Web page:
# Mass and Weight

## Mass and Weight - the Gravity Force

**Mass** and **Weight** are two often misused and misunderstood terms in mechanics and fluid mechanics.

The fundamental relation between mass and weight is defined by Newton's Second Law. Newton's Second Law can be expressed as

F = m a(1)

where

F= force (N, lb_{f})

m= mass (kg,slugs)

a= acceleration (m/s^{2},)ft/s^{2}

### Mass

**Mass** is a measure of the amount of material in an object, being directly related to the number and type of atoms present in the object. Mass does not change with a body's position, movement or alteration of its shape, unless material is added or removed.

- an object with mass
*1 kg*on earth would have the same mass of*1 kg*on the moon

Mass is a fundamental property of an object, a numerical measure of its inertia and a fundamental measure of the amount of matter in the object.

### Weight

**Weight** is the **gravitational force** acting on a body mass. The generic expression of Newton's Second Law *(1)* can be transformed to express weight as a force by replacing the acceleration - *a* - with the acceleration of gravity - *g* - as

F_{g}= m a_{g}(2)

where

F= gravitational force - or_{g}weight(N, lb_{f})

m= mass(kg,slugs)

a_{g}= acceleration of gravity on earth(9.81 m/s^{2},32.17405 ft/s)^{2}

#### Example - The Weight of a Body on Earth vs. Moon

The acceleration of gravity on the moon is approximately *1/6* of the acceleration of gravity on the earth. The weight of a body with mass *1 kg* on the earth can be calculated as

*F _{g_}*

_{earth}= (1 kg)

*)**(9.81 m/s*^{2}* = 9.81 N*

The weight of the same body on the moon can be calculated as

*F _{g_}*

_{moon}= (1 kg) (

*) / 6)**(9.81 m/s*^{2}* = 1.64 N*

The handling of mass and weight depends on the systems of units used. The most common unit systems are

- the International System -
*SI* - the British Gravitational System -
*BG* - the English Engineering System -
*EE*

One newton is

- ≈ the weight of one hundred grams -
*101.972 gf (g*_{F}) or 0.101972 kgf (kg_{F}or kilopond - kp (pondus is latin for weight)) - ≈ halfway between one-fifth and one-fourth of a pound -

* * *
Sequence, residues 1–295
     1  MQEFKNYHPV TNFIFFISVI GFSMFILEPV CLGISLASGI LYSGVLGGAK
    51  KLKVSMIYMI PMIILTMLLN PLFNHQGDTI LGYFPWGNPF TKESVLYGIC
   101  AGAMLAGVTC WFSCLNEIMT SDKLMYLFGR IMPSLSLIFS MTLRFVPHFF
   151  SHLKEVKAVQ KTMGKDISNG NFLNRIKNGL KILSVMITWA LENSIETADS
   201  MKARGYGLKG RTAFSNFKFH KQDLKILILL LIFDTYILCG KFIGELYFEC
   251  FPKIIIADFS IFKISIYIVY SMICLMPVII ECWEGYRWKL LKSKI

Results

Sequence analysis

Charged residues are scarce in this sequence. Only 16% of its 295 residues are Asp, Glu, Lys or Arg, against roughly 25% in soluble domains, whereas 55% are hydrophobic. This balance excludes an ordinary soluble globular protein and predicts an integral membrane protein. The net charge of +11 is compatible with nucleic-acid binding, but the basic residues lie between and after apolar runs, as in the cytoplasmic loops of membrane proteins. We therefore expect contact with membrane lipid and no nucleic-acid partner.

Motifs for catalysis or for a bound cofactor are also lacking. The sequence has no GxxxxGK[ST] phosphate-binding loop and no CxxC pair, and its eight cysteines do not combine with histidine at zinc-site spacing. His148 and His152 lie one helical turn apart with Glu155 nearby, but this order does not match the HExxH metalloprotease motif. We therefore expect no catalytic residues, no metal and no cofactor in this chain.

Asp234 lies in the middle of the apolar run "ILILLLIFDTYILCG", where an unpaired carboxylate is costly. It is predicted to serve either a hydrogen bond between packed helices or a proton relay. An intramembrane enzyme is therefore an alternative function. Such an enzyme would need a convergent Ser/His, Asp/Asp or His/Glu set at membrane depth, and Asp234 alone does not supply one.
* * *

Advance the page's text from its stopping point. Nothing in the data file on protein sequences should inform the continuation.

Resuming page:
*0.224809 lb or 3.59694 oz*

### The International System - *SI*

In the SI system the mass unit is the *kg* and since the weight is a force - the weight unit is the *Newton* (*N*). Equation *(2)* for a body with *1 kg* mass can be expressed as:

= (1 kg) (9.807 m/sF_{g}^{2})

= 9.807 (N)

where

9.807 m/s^{2}= standard gravity close to earth in the SI system

As a result:

- a
*9.807 N*force acting on a body with*1 kg*mass will give the body an acceleration of*9.807 m/s*^{2} - a body with mass of
*1 kg*weights*9.807 N*

- More about the SI System - A tutorial introduction to the SI-system.

### The Imperial British Gravitational System - *BG*

The British Gravitational System (Imperial System) of units is used by engineers in the English-speaking world with the same relation to the foot - pound - second system as the meter - kilogram - force second system (SI) has to the meter - kilogram - second system. For engineers who deals with forces, instead of masses, it's convenient to use a system that has as its base units length, time, and force, instead of length, time and mass.

The three base units in the Imperial system are the *foot, the second, and the pound-force*.

In the BG system the mass unit is the *slug* and is defined from the Newton's Second Law *(1)*. The unit of mass, the *slug*, is derived from the pound-force by defining it as the mass that will accelerate at *1 foot per second per second* when a *1 pound-force* acts upon it:

1 lb_{f}= (1 slug)(1 ft/s^{2})

In other words, *1 lb _{f} (pound-force)* acting on

*1 slug*mass will give the mass an acceleration of

*1 ft/s*

^{2}.

The weight of the mass from equation *(2)* in BG units can be expressed as:

(lbF_{g}_{f}) = m (slugs) a_{g}(ft/s^{2})

With standard gravity -* a _{g} = 32.17405 ft/s^{2}* - the mass of

*1 slug*weights

*32.17405 lb*

_{f }*(pound-force)*.

### The English Engineering System - *EE*

In the English Engineering system of units the primary dimensions are are *force, mass, length, time and temperature.* The units for force and mass are defined independently

*the basic unit of mass is**pound-mass**(lb*_{m})*the unit of force is the**pound**(lb) alternatively**pound-force**(lb*_{f}).

In the EE system *1 lb of force* will give a mass of *1 lb _{m}* a standard acceleration of

*32.17405 ft/s*.

^{2}Since the EE system operates with these units of force and mass, the Newton's Second Law can be modified to

F = m a / g_{c}(3)

where

g_{c}= a proportionality constant

or transformed to weight

= m aF_{g}_{g}/ g_{c}(4)

The proportionality constant g_{c} makes it possible to define suitable units for force and mass. We can transform (4) to

1 lb_{f}= (1 lb_{m}) (32.174 ft/s^{2}) / g_{c}

or

g_{c}= (1 lb_{m}) (32.174 ft/s^{2}) / (1 lb_{f})

Since *1 lb _{f}* gives a mass of

*1 lb*an acceleration of

_{m}*32.17405 ft/s*and a mass of

^{2}*1 slug*an acceleration of

*1 ft/s*, then

^{2}

1 slug = 32.17405 lb_{m}

### Example - Weight versus Mass

The mass of a car is *1644 kg*. The weight can be calculated:

F_{g}= (1644 kg) (9.807 m/s^{2})

= 16122.7 N

= 16.1 kN

- there is a force (weight) of *16.1 kN* between the car and the earth.

*1 kg gravitation force = 9.81 N = 2.20462 lb*_{f}

### Weight Converter

* weight (kg _{f}, N, lb_{f})*

* (kg _{f}, N, lb_{f})*

* (N)*

* (lb _{f})*